As a new load of weaned calves enters the feedlot, workers prepare to process the calves upon arrival. Processing would likely include vaccinating these calves to prevent respiratory disease and treating them for parasites, among other regular processing procedures. Many handlers would acknowledge that the calves with more docile, or calm, temperaments are much easier and safer to process.
Cattle producers of all types—from the cow-calf, stocker and feedlot sectors—historically have selected for and preferred to manage calmer animals not only because they are safer for handlers to be around, but they also seem to gain weight faster and have fewer health issues.
Recent research involving many universities, including Kansas State, examined the genetics of bovine temperament and how it relates to two important aspects of production: immune function, specifically animals’ susceptibility to bovine respiratory disease (BRD), and carcass merit. It found, as previous research has also indicated, that temperament is a moderately heritable trait producers can select for in their herds.
Bob Weaber, beef breeding and genetics specialist for K-State Research and Extension and one of the researchers on the project, said this study showed that animals with a more favorable temperament gained better on feed compared to more excitable animals. Because of this, they were overall more mature at harvest and seemed to have carcass fat, which is desirable to an extent for better quality grades. But, at extreme levels, the extra fat is undesirable for both quality and yield grades.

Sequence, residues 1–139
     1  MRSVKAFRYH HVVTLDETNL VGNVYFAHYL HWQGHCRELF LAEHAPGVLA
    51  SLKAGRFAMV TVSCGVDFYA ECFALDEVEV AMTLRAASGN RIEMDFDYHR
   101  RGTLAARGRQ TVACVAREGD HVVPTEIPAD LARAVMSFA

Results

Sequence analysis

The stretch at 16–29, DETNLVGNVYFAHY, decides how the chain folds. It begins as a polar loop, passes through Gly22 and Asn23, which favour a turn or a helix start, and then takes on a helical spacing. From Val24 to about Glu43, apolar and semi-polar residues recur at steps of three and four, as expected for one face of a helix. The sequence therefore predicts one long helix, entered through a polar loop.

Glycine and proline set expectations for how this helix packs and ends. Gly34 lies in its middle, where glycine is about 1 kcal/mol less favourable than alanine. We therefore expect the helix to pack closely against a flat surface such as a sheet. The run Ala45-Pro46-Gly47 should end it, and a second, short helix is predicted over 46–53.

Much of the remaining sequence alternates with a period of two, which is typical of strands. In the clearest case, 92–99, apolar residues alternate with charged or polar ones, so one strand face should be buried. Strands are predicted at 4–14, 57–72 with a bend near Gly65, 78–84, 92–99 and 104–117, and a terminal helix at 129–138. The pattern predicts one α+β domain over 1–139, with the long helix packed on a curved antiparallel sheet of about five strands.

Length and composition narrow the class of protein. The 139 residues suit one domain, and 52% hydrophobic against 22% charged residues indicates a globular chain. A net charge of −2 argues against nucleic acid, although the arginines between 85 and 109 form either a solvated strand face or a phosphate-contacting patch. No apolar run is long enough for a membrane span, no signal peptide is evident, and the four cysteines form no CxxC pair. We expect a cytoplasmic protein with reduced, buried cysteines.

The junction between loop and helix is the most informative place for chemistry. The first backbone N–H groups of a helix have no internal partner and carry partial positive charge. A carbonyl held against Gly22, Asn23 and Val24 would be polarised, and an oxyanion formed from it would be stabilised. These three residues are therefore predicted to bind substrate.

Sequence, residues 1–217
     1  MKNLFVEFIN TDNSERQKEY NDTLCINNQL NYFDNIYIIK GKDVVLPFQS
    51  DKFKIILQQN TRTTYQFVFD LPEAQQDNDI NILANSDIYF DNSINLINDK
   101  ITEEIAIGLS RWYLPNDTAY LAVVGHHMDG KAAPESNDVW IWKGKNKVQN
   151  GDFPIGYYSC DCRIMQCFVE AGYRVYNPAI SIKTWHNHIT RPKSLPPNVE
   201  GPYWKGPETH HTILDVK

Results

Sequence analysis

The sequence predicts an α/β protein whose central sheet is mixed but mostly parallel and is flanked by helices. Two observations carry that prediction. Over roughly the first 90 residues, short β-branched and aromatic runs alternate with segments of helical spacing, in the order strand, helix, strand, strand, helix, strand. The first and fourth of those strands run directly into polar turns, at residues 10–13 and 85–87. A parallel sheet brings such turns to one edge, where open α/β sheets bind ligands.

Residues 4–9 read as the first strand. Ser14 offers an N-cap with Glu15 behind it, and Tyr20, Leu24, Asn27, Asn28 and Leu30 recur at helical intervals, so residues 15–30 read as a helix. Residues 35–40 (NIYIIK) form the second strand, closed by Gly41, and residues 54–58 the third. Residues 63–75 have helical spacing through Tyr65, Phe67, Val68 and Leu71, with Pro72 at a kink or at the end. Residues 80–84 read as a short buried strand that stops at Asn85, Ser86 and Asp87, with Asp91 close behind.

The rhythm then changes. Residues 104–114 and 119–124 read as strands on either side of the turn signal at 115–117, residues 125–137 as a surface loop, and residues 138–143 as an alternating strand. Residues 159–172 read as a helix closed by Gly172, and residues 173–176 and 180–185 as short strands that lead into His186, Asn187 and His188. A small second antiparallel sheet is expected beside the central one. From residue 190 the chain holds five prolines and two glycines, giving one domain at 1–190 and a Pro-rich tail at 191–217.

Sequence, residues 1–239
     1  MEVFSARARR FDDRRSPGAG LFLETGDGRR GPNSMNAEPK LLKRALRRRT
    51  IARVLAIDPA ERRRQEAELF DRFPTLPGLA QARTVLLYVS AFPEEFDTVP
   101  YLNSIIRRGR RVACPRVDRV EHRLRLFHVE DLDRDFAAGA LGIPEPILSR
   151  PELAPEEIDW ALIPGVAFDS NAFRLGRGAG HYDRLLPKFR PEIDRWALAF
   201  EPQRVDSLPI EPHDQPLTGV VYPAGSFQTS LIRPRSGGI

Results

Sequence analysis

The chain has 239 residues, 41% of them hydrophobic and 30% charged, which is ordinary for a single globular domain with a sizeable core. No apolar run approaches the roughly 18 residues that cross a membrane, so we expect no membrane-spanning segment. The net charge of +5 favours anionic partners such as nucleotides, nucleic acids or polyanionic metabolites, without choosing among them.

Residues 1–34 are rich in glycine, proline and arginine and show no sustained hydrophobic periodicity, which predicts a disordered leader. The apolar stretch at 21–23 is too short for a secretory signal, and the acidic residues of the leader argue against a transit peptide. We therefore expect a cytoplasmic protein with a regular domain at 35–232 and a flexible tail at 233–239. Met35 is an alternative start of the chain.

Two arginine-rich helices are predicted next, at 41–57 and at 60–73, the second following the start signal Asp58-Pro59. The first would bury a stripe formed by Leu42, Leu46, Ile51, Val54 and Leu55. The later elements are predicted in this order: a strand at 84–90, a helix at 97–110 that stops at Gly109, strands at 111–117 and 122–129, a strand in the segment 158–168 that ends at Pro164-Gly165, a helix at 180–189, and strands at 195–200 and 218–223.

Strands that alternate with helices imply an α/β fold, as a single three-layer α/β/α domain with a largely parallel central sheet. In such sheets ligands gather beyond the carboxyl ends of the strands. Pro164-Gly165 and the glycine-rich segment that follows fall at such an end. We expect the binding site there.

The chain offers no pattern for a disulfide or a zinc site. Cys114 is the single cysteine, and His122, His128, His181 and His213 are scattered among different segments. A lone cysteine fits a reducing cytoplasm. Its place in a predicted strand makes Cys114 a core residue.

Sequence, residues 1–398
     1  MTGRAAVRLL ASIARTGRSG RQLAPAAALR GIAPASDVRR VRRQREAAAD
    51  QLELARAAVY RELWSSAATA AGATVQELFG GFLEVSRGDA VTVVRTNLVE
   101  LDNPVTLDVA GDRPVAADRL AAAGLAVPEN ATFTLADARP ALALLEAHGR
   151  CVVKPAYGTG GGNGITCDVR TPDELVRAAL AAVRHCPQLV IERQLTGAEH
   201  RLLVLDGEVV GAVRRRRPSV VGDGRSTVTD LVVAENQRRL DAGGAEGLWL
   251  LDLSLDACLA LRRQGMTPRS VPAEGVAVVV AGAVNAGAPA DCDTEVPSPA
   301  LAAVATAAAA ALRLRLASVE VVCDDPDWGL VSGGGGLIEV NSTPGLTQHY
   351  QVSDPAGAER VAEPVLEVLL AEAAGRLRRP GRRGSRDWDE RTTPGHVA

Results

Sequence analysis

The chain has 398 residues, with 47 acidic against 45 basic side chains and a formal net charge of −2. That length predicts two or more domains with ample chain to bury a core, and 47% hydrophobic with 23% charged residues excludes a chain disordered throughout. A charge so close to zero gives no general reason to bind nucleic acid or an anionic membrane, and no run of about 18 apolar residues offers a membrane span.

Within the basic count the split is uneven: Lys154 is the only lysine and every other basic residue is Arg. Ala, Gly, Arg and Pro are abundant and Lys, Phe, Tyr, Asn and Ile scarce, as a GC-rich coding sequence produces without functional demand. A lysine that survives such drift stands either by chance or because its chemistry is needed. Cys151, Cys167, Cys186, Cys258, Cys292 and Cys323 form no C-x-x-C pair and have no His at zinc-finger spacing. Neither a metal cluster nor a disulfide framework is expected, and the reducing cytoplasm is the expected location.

Temperament and its relation to the disease component of the study was a little harder for the researchers to separate, he said, and yielded some somewhat surprising findings.
About the study
Weaber worked with many other researchers on the project that was led by Mark Enns, professor of animal sciences at Colorado State University. They collected data in 2007 and 2008 as part of a large study to look at the genetics of feedlot cattle health.
“It was an involved project in that it took a lot of human hands to pull off,” Weaber said. “We processed data on more than 2,500 head of steers fed in southeast Colorado during those two years.”
It took the researchers about five days to process the cattle upon arrival at the feedlot, he said. Ultrasound information helped the researchers determine the animals’ body composition, both when they were placed on feed and at subsequent processing about 80 days into the feeding period. The researchers also collected temperament data at these times and monitored the animals closely for disease, specifically BRD, at all times.